Column: The Vault of Secrets: The Undying Monster (1942)

By Orrin Grey

The Undying Monster (1942). Director: John Brahm. Cast: James Ellison, Heather Angel, John Howard.

Welcome back to the Vault of Secrets, where, every other week, we’ll be unearthing a classic (or not-so-classic) vintage horror film for your delectation. Tonight’s installment is Fox’s 1942 answer to Universal’s 1941 The Wolf Man. The version I watched is from the Fox Horror Classics Collection.

I first watched The Undying Monster at the behest of The Strange Case of Mr. Hyde author Cole Haddon, who shares my affection for these sorts of old films. It was the first movie I’d seen by John Brahm, a director he recommended highly and one whose oeuvre I’ve just begun to sample. I’ve since caught The Undying Monster three or four times, and it’s rapidly become a favourite of mine.

Part of the reason is the wonderfully quaint Gothic atmosphere that Brahm, and his writers and production team, manage to conjure up from Jessie Douglass Kerruish’s novel, and with a wartime budget. The scenes on the cliffs, in the old house, and in the family crypt are all perfectly spooky, and the story has all the Gothic trappings you might like, including a family curse, servants who know more than they let on, secret passages, even rattling chains. There’s even something nicely Jamesian (M.R. not Henry) about the family legend of the beast, especially the scene in the church where the cast discusses a statue possibly representing it.

The real stars of the show for me, though, are the pair of investigators called in to solve the mystery, played by James Ellison (I Walked with a Zombie) and Heather Thatcher. Generating the majority of the movie’s comedy relief, the characters are never bumbling, but rather, are constantly making witty rejoinders, snarking on the other characters, and generally enjoying themselves a great deal as they sort things out. Imagine if a couple of characters from the Thin Man movie series decided to go werewolf hunting and you’ll get a decent idea.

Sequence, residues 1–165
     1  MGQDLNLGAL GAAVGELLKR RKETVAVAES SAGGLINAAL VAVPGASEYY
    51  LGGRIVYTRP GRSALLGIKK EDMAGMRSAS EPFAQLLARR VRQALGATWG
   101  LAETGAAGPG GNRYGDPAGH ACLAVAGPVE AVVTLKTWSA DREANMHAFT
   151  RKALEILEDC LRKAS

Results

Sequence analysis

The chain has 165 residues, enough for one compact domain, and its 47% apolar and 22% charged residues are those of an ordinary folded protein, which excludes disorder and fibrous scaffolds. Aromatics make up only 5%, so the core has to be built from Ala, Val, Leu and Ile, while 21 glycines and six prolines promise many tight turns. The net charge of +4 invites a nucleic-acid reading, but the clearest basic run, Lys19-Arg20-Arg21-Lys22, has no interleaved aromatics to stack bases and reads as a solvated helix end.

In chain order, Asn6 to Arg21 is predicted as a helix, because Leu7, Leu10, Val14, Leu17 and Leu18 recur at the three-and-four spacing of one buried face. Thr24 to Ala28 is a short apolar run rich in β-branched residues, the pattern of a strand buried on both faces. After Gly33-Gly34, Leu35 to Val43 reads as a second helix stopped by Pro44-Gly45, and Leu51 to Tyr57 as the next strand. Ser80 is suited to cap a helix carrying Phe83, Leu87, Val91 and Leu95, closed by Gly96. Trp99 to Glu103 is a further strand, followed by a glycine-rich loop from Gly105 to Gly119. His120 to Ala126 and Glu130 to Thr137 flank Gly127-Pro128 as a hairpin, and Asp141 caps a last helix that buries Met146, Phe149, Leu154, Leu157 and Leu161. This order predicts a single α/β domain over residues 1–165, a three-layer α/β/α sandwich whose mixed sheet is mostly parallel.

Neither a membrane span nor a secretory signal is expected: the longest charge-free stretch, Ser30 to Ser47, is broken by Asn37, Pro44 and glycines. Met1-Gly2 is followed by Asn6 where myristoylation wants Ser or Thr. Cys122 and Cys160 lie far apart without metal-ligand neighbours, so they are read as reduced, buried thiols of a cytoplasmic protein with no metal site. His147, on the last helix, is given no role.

Surprisingly, The Undying Monster falls into a camp of classic monster movies that attempts to debunk the supernatural at the end (See, for instance, The Mark of the Vampire in a previous column), but it has the distinction of doing so in maybe my favourite way ever, which, not to spoil too much, is basically to say, “There was never a monster; it was only a monster, all along!” And then have everyone nod sagely, as though yes, that totally explains everything.

Like I said earlier, The Undying Monster is clearly a response to The Wolf Man, though they’re not really all that much alike beyond surface similarities. And while I’m not necessarily going to say that it’s objectively better, The Undying Monster is certainly my favourite of the two, and an underrated gem of witty Gothic mystery.

That’s it for tonight’s installment. Be sure to join us next time when we celebrate February with an ode to romance and ape men!

The Undying Monster is available through Amazon.com

Orrin Grey

About Orrin Grey

Orrin Grey is a skeleton who likes monsters. His stories of ghosts, monsters, and sometimes the ghosts of monsters have appeared in dozens of anthologies and been collected in Never Bet the Devil & Other Warnings and Painted Monsters & Other Strange Beasts. He can be found online at orringrey.com.

Orrin GreyColumn: The Vault of Secrets: The Undying Monster (1942)